He did not come in the dawning; he did not come at noon; And out of the tawny sunset, before the rise of the moon, When the road was a gypsy's ribbon, looping the purple moor,
Now we cut to the next day. The highwayman isn't back by dawn, or even by noon. Now the sun is setting, and he still isn't back.
The speaker takes a moment to notice the landscape again, and he brings us back to the image of the road being like a ribbon across the purple moors, almost the same words as he used in line 3.
A red-coat troop came marching— Marching--marching-- King George's men came marching, up to the old inn-door.
Then, a nasty surprise! Instead of the highwayman, a troop of British soldiers comes marching up to the door.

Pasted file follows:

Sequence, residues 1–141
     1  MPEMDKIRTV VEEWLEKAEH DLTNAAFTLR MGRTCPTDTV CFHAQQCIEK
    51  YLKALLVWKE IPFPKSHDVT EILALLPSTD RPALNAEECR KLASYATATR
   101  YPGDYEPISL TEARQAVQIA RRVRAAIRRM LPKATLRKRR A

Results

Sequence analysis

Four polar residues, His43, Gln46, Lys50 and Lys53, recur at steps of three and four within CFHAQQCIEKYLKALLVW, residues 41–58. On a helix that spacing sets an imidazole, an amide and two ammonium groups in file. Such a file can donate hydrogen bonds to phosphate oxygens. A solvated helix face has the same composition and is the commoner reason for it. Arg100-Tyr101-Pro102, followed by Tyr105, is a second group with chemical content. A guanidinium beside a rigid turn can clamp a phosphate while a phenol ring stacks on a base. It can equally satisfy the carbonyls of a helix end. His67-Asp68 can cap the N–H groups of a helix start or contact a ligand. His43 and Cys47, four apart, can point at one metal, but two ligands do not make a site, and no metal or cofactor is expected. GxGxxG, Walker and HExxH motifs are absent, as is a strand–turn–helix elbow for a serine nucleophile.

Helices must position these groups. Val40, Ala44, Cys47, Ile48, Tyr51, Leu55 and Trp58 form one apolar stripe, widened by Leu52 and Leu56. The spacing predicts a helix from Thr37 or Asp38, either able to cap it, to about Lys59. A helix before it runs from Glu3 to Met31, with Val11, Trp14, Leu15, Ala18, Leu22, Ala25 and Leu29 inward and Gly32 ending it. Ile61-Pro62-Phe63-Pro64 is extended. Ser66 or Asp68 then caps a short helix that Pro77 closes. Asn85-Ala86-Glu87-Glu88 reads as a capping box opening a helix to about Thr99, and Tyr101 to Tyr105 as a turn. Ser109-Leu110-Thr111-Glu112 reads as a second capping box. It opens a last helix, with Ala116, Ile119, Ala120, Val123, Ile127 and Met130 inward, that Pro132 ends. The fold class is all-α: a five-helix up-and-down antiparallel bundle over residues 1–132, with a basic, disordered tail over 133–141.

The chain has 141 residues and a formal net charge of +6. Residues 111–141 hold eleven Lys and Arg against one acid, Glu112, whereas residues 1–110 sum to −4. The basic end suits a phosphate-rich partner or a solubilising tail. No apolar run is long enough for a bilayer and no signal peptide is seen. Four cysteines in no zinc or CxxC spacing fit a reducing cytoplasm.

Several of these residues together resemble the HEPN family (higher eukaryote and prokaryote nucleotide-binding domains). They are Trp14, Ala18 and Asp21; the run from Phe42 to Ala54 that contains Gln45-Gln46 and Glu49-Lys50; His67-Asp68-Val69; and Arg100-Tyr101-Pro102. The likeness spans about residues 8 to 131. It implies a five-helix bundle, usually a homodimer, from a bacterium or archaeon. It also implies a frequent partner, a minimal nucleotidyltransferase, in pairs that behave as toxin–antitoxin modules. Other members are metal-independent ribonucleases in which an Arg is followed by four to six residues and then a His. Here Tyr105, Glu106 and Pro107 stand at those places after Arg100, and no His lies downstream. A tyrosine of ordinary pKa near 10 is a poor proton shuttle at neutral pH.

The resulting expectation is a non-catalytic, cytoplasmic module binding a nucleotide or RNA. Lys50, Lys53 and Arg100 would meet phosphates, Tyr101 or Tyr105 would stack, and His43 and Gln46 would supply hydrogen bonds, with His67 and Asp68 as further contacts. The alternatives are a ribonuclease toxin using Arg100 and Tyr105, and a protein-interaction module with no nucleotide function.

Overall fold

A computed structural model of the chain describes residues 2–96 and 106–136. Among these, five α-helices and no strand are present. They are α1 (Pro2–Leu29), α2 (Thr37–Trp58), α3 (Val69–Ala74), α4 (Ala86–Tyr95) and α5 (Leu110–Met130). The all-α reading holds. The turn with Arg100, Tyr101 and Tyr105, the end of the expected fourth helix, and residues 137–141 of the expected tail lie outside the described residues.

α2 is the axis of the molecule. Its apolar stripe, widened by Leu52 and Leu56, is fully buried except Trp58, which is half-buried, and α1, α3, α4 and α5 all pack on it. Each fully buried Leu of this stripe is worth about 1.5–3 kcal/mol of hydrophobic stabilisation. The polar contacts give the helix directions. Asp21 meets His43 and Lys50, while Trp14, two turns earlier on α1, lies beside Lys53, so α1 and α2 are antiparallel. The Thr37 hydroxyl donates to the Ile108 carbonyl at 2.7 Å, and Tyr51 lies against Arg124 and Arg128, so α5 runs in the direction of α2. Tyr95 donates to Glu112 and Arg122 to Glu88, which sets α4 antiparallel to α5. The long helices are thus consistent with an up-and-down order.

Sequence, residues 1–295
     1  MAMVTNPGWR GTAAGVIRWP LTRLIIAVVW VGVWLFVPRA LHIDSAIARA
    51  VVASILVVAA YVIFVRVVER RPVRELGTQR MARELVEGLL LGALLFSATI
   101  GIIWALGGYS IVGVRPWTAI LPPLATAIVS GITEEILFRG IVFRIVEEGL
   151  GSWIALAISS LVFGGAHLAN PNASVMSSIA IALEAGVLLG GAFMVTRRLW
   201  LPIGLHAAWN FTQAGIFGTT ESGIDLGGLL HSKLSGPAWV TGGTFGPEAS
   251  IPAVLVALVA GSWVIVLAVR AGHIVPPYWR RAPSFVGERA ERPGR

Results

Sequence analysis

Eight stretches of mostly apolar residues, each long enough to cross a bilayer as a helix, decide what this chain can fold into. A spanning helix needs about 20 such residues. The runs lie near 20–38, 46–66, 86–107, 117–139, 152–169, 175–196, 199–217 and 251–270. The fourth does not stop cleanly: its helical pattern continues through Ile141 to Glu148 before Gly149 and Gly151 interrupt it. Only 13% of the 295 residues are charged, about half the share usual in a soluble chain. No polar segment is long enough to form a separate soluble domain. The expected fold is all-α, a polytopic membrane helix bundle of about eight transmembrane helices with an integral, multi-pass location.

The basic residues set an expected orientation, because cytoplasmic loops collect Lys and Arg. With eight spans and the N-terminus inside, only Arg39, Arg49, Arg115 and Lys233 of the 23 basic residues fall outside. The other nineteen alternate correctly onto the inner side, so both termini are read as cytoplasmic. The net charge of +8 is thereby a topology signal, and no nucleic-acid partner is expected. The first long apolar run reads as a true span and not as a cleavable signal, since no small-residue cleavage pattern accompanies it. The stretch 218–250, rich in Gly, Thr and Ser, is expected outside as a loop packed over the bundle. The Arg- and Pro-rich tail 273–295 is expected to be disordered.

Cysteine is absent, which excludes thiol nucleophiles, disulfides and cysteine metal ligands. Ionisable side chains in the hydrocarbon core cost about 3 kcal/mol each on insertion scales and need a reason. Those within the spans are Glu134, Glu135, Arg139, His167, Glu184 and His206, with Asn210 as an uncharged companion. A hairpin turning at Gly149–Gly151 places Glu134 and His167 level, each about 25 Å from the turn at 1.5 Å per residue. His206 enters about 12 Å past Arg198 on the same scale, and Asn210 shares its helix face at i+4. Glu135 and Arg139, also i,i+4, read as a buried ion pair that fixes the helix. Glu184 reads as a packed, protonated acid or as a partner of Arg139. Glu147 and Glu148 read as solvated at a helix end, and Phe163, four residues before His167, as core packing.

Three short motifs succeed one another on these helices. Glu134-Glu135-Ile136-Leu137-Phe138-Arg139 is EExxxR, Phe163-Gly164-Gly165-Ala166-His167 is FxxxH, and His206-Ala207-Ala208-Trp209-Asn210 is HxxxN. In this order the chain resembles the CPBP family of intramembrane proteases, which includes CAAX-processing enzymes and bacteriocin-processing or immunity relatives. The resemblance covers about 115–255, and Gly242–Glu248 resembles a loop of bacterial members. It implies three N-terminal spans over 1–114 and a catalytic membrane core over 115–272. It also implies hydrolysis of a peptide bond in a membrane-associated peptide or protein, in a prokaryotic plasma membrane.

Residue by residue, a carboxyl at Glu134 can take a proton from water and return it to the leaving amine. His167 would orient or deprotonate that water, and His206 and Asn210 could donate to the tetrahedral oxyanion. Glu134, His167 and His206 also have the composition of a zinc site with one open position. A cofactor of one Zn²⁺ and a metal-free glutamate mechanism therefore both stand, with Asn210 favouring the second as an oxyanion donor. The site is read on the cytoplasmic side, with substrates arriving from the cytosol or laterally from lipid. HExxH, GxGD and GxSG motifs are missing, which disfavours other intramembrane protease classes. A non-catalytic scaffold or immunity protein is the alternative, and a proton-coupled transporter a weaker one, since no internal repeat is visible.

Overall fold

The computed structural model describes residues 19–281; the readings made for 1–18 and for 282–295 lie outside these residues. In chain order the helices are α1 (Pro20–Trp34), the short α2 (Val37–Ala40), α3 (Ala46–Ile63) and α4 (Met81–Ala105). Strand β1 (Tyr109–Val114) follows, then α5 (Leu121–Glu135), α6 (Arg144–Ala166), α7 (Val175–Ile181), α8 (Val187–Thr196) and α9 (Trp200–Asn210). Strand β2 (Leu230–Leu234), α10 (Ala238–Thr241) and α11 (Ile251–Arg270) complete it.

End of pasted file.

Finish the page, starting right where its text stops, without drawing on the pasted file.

The speaker gives us a few useful details about the soldiers. He calls them "red-coats" and "King George's men." This lets us know for sure that we are somewhere in England (or at least the UK). It also lets us know that this poem is set sometime before 1830 (when George IV died).
In any case, these guys represent the law, and they're after the highwayman.